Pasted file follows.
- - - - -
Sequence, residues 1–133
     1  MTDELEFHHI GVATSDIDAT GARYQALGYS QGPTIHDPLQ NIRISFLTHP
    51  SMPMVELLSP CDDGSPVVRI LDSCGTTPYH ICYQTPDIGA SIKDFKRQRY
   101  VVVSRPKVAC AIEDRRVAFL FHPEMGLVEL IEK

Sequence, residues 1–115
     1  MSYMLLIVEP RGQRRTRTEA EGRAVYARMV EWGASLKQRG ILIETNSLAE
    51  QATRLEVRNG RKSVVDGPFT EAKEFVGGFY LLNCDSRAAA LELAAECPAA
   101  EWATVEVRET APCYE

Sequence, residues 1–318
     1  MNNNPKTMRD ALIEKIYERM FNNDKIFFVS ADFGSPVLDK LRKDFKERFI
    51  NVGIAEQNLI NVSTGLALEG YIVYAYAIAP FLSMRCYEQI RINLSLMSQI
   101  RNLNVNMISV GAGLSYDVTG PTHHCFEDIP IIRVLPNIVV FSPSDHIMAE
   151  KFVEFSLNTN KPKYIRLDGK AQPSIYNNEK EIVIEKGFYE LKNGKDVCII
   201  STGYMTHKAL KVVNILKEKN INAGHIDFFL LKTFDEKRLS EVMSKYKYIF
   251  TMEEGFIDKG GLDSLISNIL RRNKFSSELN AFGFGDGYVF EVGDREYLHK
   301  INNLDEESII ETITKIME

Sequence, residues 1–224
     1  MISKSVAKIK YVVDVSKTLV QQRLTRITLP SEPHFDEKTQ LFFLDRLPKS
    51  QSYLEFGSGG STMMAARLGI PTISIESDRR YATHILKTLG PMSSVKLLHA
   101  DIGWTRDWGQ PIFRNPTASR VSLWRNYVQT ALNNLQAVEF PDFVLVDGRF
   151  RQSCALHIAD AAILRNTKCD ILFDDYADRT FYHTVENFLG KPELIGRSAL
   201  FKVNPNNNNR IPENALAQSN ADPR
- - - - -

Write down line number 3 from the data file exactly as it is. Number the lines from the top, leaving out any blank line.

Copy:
    51  SMPMVELLSP CDDGSPVVRI LDSCGTTPYH ICYQTPDIGA SIKDFKRQRY